This Saturday, 10th October, is World Mental Health Day 2020, with the theme of ‘mental health for all.’
Of course the world is currently preoccupied by a different health issue, with the COVID-19 pandemic already causing over a million deaths. Lives are being cut short, millions of people are being plunged into the pain of grief which comes with the unexpected loss of a loved one, and many more are suffering long-term repercussions of the virus.
But while we make every effort to fight this unprecedented illness, it’s vital to remember COVID-19 isn’t the only player in town and to ensure other issues aren’t side-lined. We already know many diseases and conditions aren’t being prioritised as they would under normal circumstances, and mental health falls within this category. It may be less obvious or diagnosable than the spread of COVID-19, but an even bigger mental health pandemic has been quietly progressing for many, many years. It is being accelerated by the current situation, with 60% of adults and 68% of young people in the UK feeling their mental health deteriorated during lockdown, and it will remain long after COVID-19 is brought under control.
Dr Ingrid Daniels, President of the World Federation for Mental Health, writes:
“The current worldwide pandemic arose against an already dire mental health landscape that saw mental health conditions on the rise across the globe. About 450 million people live with mental disorders that are among the leading causes of ill-health and disability worldwide (WHO’s World Health Report, 2001). One person in every four will be affected by a mental disorder at some stage of their lives while mental, neurological and substance use disorders exact a high toll on health outcomes, accounting for 13% of the total global burden of disease (WHO, 2012).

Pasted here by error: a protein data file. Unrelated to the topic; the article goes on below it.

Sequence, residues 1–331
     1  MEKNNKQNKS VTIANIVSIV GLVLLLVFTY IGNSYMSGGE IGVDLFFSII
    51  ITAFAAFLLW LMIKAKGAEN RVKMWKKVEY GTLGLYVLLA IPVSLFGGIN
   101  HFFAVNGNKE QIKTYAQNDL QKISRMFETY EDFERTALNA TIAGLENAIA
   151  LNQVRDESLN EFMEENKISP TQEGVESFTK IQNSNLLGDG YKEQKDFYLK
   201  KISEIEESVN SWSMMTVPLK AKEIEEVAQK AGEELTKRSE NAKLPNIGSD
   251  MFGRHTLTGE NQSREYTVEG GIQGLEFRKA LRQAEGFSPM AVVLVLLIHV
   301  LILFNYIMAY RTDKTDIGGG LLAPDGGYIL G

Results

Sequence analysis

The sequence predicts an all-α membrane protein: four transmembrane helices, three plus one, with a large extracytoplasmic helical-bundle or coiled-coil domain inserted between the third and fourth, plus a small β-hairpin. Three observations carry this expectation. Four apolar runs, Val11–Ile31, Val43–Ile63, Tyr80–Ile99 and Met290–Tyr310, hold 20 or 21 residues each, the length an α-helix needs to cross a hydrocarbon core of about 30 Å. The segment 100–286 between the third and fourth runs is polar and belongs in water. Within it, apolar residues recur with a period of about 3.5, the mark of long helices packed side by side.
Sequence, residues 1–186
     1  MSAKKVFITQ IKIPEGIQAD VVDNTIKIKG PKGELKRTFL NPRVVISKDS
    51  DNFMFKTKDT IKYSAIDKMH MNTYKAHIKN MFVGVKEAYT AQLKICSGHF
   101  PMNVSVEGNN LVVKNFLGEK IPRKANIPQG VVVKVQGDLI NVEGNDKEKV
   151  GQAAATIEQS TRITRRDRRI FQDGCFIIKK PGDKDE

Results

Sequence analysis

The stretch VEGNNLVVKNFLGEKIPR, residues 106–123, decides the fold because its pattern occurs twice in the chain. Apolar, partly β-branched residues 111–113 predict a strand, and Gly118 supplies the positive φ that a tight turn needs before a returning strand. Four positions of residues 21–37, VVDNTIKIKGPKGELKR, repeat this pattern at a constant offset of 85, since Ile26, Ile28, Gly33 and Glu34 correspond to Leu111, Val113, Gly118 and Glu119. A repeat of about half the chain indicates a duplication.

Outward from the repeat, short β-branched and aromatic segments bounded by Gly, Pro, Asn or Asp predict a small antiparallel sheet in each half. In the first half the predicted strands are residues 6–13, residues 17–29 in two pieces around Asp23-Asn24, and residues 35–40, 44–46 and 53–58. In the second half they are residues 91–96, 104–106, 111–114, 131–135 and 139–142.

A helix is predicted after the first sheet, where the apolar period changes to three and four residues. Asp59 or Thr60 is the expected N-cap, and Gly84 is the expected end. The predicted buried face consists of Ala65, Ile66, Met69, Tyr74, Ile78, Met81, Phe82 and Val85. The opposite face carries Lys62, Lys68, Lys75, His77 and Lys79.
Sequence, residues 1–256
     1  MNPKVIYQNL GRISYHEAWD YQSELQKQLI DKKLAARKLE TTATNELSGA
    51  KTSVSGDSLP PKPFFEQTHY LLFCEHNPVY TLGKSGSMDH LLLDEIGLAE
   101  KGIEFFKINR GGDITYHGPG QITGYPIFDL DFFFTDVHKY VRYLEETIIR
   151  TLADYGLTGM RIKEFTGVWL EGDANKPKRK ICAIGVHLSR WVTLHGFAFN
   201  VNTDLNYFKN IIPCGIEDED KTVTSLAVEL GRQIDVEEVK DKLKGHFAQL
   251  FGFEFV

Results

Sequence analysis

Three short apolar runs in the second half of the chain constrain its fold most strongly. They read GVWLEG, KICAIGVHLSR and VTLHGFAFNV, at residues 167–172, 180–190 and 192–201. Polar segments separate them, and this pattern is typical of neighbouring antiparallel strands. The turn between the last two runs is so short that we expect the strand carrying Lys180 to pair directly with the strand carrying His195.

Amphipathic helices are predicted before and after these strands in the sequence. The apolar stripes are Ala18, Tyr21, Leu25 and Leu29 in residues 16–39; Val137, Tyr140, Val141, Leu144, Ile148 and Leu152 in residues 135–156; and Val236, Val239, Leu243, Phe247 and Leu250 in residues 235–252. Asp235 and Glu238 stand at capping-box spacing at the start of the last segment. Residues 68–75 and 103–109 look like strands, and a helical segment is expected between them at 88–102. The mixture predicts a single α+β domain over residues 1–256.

The World Health Organization (2018) states that every 40 seconds someone dies by suicide. Annually, this represents over 800 000 people that die by suicide, which is more than people dying by war and homicide put together. For every suicide, there are many more people who attempt suicide every year. A prior suicide attempt is the single most important risk factor for suicide in the general population. Suicide is the second leading cause of death among 15 to 29-year-olds while 79% of global suicides occur in low- and middle-income countries (LMIC). Every suicide is a tragedy that affects families, communities and entire countries and has long-lasting and devastating effects on the people left behind.
This bleak picture necessitates that we ensure that mental health is prioritised now more than ever before..”
The Health and Safety industry has a crucial role to play in protecting the mental health of people within the workforce. Sadly, despite some amazing individuals and groups working extensively in this area, the industry as a whole is slow to exert its influence and take consistent, long-lasting action.
Initiatives such as World Mental Health Day are incredibly helpful in raising awareness of mental health issues, but it’s all too easy for companies to show their support once a year because it looks good for corporate social responsibility, and then to forget about it for another 12 months. What’s needed is a deeper, more consistent approach to protecting mental health, backed up by real, practical change.
Here are just a handful of the ways the Health and Safety industry can make a tangible difference to the management of mental health in the workplace.
Get board-level buy in